(A bit of context. This blog features regular reviews of books, horticultural products, and interesting related items, under this proviso. All items reviewed will be purchased by the reviewer in advance, at full retail price, in order to prevent any conflict of interest. Information about upcoming releases is greatly appreciated, but receipt of advance copies or samples will be announced well in advance and will not influence the final review. The world has enough Jeff Craigs and Maria Salases as it is.)
Kiss My Aster: A Graphic Guide to Creating a Fantastic Yard Totally Tailored to You by Amanda Thomsen
Published: Storey Publishing, 12/01/2012
I can’t remember exactly when I met Amanda Thomsen online, but I know it involved someone showing me her blog Kiss My Aster and asking me “Have you seen this yet?” In a better world, Amanda and I would be siblings, or possibly bandmates. If the planet were lucky, said band would combine the best efforts of Dallas music icons Kim Pendleton and Turner Van Blarcum. If it weren’t, we’d be found by palaeontologists some ninety million years from now, still locked in combat like the Mongolian Fighting Dinosaurs.
If that sounds a bit extreme, it’s all about gardening attitudes. Most of us dedicated horticulture freaks can live and let live on 9999 differences of opinion on what makes the “best” garden, but when we hit the thousandth divergence, watch out. In our case, it’s the eternal war between asters and chrysanthemums for autumn flowers. Her reasons for encouraging asters are the same exact ones that I have for good violet or burgundy chrysanthemums as edging plants around Halloween, and and they’re both logical and reasonable based on local conditions. Get us in the same room on the same subject, though, and the debate gets settled with chainsaw and rubbing alcohol at 50 paces.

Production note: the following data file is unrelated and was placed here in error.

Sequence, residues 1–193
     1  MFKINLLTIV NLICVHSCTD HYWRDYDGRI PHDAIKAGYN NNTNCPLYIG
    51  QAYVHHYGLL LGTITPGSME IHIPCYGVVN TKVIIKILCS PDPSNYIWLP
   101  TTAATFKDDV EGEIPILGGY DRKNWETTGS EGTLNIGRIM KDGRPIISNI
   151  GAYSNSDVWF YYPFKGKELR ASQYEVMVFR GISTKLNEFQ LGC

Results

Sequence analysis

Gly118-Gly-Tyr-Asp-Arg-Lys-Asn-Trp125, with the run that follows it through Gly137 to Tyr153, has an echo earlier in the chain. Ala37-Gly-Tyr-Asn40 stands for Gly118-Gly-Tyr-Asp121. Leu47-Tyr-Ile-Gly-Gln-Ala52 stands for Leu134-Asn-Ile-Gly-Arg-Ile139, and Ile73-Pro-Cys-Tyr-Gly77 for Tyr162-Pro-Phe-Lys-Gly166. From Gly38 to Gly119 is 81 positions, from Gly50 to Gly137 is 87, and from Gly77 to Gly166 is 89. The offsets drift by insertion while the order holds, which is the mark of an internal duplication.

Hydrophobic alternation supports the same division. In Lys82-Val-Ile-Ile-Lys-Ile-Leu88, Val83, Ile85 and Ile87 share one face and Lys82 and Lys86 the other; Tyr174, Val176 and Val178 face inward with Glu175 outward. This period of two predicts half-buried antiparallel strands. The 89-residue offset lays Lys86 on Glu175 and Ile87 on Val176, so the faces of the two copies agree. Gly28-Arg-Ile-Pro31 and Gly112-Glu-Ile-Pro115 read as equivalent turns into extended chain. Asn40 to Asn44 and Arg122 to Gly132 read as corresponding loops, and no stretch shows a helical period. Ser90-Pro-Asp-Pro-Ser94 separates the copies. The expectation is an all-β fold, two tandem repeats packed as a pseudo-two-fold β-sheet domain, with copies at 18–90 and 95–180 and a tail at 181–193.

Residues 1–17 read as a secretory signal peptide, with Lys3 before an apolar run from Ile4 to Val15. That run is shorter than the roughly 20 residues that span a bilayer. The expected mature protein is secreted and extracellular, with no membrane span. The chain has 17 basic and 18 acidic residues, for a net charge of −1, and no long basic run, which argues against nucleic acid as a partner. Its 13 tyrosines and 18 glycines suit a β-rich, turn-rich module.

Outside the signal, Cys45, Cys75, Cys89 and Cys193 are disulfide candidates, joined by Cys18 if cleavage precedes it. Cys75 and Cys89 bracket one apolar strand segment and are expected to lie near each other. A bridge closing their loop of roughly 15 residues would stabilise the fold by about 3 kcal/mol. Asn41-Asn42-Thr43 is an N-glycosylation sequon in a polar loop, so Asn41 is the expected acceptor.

And so what does this have to do with Amanda’s first book, with the appropriate title? Well, that sort of attitude is something that’s needed in gardening literature. You know what I mean. Half of the beginner’s books on garden construction and planning are little more than garden porn. They’re either too general, which means they have all of the intellectual depth of one of those free “Start Your Own Garden!” handouts given with a 50-pound bag of Scotts Miracle-Gro lawn fertilizer, or they’re too specialized, which means you finish the book with a complete understanding of how to recreate the author’s own garden. And don’t get me going about garden books that purport to be humorous, but resemble those horrible weekly newspaper columns with bylines like “Mr. Funny Guy” so you know the strangling sound you’re making is supposed to be laughter. (Sadly, none of these columns have a title that’s accurate and honest, such as “Otherwise Unemployable Douchebag” or “A College Buddy Who Owes Me Got Me This Column”.) Coherent, informative, and humorous: is that too much to request from a gardening book?